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Religion: O Holy Night

By Pastor Phillip Howle
web posted December 2, 2015
RELIGION-- Merry Christmas! We are going to be looking at the stories behind the music of some of my favorite Christmas carols over the next few weeks. The carol of the week is “O Holy Night.”

The story of the hymn begins in France in 1847. The local Priest asked the local wine merchant who was known more for drinking wine than attending church, to compose a poem to read at Christmas mass. The man, Placide Cappeau de Roquemaure, was a talented poet and agreed to do so. So Placide thought what it would have been like to be present on that night of Jesus birth. He composed the poem in French and named it “Cantique de Noel.” The poem was a hit.

So Placide thought it would great to set the poem to music as a song. So he turned to one of his friends, Adolphe Charles Adams to compose the music to go along with the song. The issue was that Adolphe was Jewish. He did not see Jesus as “Lord at thy birth.” But because of his friendship, he agreed.

The song was an instant success. It was being sung all over France. The only problem was the Catholic Church in France did not like the origins of the song. Placide the composer had left the church altogether and joined the socialist party. So the church ruled the song was “as unfit for church services because of its lack of musical taste and total absence of the spirit of religion.” But the song continued to grow in popularity and was sung widely.

Then the song was translated into English by John Sullivan Dwight. He was a graduate of Harvard Divinity School, and was a Unitarian. They deny the divinity of Jesus. He was so afraid of preaching he would get sick each time before he preached. So he devoted his time to starting “Dwight’s Journal of Music.” Where the song was first published in English.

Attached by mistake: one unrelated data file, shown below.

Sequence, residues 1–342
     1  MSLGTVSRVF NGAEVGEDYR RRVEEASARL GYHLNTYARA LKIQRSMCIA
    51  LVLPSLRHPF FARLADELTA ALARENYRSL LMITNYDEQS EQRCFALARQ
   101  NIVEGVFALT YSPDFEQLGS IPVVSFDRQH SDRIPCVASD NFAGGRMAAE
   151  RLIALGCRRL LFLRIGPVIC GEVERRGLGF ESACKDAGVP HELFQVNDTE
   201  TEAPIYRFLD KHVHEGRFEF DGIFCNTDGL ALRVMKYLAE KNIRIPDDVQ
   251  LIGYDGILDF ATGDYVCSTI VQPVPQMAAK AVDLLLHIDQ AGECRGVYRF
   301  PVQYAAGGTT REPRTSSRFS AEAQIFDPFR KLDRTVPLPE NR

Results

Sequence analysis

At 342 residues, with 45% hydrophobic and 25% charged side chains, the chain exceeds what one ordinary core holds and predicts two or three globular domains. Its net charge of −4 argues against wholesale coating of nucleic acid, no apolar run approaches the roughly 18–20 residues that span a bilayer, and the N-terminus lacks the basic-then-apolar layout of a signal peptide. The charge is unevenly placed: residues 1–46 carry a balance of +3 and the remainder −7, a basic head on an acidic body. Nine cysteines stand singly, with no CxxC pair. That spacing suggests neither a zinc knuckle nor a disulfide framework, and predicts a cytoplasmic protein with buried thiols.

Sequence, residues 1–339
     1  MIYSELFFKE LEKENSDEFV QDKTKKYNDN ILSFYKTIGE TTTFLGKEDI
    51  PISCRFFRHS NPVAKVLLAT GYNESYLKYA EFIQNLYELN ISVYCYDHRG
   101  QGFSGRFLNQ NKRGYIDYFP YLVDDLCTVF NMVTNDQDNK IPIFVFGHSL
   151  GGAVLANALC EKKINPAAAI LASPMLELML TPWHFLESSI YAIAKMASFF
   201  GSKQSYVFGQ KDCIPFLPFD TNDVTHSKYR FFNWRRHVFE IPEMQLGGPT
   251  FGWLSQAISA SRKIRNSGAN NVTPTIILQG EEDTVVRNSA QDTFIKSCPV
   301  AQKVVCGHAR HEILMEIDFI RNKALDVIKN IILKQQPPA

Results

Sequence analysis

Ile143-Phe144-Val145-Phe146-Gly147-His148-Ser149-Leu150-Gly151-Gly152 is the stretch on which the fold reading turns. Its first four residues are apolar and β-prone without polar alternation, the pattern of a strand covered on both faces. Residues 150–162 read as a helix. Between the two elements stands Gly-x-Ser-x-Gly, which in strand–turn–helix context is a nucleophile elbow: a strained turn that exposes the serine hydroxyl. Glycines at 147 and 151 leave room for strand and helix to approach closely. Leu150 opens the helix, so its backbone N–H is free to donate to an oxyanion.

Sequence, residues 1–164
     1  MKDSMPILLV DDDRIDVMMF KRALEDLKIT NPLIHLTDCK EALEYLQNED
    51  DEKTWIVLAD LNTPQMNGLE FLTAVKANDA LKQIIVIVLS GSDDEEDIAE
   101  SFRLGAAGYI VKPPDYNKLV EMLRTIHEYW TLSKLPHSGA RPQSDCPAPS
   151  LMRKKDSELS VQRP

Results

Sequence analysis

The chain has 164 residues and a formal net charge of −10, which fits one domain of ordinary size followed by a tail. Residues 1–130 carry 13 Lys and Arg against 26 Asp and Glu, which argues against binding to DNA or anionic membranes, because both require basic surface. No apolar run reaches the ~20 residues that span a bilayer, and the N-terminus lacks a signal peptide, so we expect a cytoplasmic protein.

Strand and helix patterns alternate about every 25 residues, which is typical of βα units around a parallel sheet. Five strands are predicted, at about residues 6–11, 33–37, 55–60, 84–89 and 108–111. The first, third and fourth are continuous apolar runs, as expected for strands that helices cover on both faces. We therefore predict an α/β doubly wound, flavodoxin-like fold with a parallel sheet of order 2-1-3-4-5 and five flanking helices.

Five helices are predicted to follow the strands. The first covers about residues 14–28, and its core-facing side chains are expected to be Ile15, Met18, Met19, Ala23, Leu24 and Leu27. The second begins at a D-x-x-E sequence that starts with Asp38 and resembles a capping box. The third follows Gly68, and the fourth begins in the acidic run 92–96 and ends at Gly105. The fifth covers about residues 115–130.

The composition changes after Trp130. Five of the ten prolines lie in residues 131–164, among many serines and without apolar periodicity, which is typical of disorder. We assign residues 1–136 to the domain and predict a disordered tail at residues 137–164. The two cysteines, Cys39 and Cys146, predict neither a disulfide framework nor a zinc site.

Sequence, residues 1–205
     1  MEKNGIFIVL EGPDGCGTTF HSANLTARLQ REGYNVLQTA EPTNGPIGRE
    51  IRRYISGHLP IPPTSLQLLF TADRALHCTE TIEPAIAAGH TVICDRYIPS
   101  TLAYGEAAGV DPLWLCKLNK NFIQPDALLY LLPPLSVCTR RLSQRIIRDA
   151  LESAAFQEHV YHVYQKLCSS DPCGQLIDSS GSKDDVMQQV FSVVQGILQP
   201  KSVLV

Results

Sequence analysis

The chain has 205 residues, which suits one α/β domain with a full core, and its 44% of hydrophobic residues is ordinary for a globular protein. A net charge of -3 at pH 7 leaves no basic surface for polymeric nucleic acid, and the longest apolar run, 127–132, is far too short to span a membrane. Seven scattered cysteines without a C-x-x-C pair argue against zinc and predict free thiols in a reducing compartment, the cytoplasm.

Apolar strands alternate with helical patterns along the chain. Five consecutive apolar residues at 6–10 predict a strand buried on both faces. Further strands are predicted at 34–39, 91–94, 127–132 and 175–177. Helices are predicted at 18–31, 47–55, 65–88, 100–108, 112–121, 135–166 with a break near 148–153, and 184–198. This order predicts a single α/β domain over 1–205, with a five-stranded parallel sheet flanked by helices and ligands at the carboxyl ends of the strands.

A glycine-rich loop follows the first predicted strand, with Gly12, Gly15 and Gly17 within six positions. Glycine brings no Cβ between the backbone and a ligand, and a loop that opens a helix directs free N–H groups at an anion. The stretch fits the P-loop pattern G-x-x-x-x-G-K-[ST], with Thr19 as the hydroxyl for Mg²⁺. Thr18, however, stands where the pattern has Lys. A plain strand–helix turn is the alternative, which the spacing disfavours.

One more tidbit as well: Then in 1906, Reginald Fessenden was a 33-year old Canadian professor and former chief chemist for Thomas Edison who did what many people thought was impossible. In his own garage he made a make-shift generator, plugged a microphone into it and broadcast the very first AM broadcast in the history of the world on Christmas Eve in 1906. He read Luke chapter 2 and played “O Holy Night” on Violin.

What do we learn from this? That the three men most involved with this great carol, wrote, sung, and composed a powerful song all about Jesus but did not trust Jesus as their Savior or Lord. They were very familiar with the story of Christmas, but missed the true reason of the celebration. Be very careful that this is not you this season. Knowing about the birth of Jesus is not the same thing as being born again by Jesus! Pastor Phillip

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